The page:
A gay politician brought his baby to Parliament and the photos have understandably gone viral
A gay politician in New Zealand is getting a lot of love after he brought his newborn son to work.
Labour MP Tāmati Coffey, who represents the Māori electorate of Waiariki, took his six-week-old son Tūtānekai to Parliament with him on August 21.
The MP, whose son with husband Tim Smith was born via a surrogate, received a lot of support from his fellow Parliamentarians.
Speaker Trevor Mallard even took on babysitting duties for Coffey’s speech, feeding Tūtānekai from a bottle while overseeing proceedings.
A photo of Mallard with the child went viral, with the speaker tweeting:”Normally the speaker’s chair is only used by presiding officers, but today a VIP took the chair with me.
“Congratulations @tamaticoffey and Tim on the newest member of your family.”
Gay politician has had ‘nothing but support’ for new family.
Speaking to Good Morning Britain, Coffey said he had had “nothing but support from fellow MPs across the House, which has been really heartwarming”.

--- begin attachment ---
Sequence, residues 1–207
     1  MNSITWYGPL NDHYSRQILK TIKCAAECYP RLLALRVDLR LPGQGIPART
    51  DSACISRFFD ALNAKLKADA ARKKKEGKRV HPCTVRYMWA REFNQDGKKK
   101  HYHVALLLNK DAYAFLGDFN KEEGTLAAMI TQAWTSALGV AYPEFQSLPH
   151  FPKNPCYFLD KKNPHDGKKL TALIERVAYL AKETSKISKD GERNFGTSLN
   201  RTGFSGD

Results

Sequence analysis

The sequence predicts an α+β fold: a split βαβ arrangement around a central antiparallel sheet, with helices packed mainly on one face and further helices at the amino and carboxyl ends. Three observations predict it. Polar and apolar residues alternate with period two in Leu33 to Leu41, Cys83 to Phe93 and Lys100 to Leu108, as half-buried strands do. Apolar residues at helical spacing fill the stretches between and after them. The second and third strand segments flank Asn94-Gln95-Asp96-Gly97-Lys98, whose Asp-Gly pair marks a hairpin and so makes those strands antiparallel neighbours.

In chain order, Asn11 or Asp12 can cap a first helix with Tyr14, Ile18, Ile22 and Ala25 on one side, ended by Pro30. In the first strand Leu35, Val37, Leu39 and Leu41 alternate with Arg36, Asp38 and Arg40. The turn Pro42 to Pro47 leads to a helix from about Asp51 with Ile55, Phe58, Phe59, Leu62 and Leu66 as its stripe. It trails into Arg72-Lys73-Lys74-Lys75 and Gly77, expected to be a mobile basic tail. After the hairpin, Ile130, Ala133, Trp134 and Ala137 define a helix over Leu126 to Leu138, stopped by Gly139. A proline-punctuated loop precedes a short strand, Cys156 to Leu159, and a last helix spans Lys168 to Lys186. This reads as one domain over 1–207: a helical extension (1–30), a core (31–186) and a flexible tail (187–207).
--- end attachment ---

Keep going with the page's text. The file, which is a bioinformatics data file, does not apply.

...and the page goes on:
He said: “Trevor, back in his days as a Member of Parliament, actually voted for homosexual law reform here in New Zealand.
“It was the change in that that made it normal and OK to be gay, that made people like me think maybe one day I can have my own son, be in a relationship, and not [worry] too much.”
New Zealand ‘a much better society’ after reforms.
Mallard added: “It’s really good to see the societal change that’s occurred over the last 30 years. We are a much better society… I can’t imagine anyone criticising caring for kids.
“In our Parliament, we’ve been trying for a few years now to be family friendly.
“Some of us have a strong philosophical view that we want everyone to think about becoming an MP, including people with children.”
??? Hey Son. We toiled over your name. We’ve told the tribe, we’ve done your numbers and we’ve come up with ten good reasons why your name should be so.
Kia kaha. Kia ū. Kia manawanui. ❤️????? pic.twitter.com/yi58xSslDL
— Tāmati Coffey (@tamaticoffey) July 12, 2019
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He added that the presence of babies in the chamber has had a “calming” influence on debates.
Same-sex marriage and adoption has been legal in New Zealand since 2013, and the country also permits “altruistic” non-commercial surrogacy arrangements.
Coffey is far from the only lawmaker juggling politics with becoming a new parent.
The country’s prime minister Jacinda Ardern gave birth to a daughter in June 2018, stepping away from her official duties for six weeks of maternity leave.
Ardern later brought her daughter Neve Te Aroha onto the floor of the UN’s General Assembly in September, where she gave her debut speech.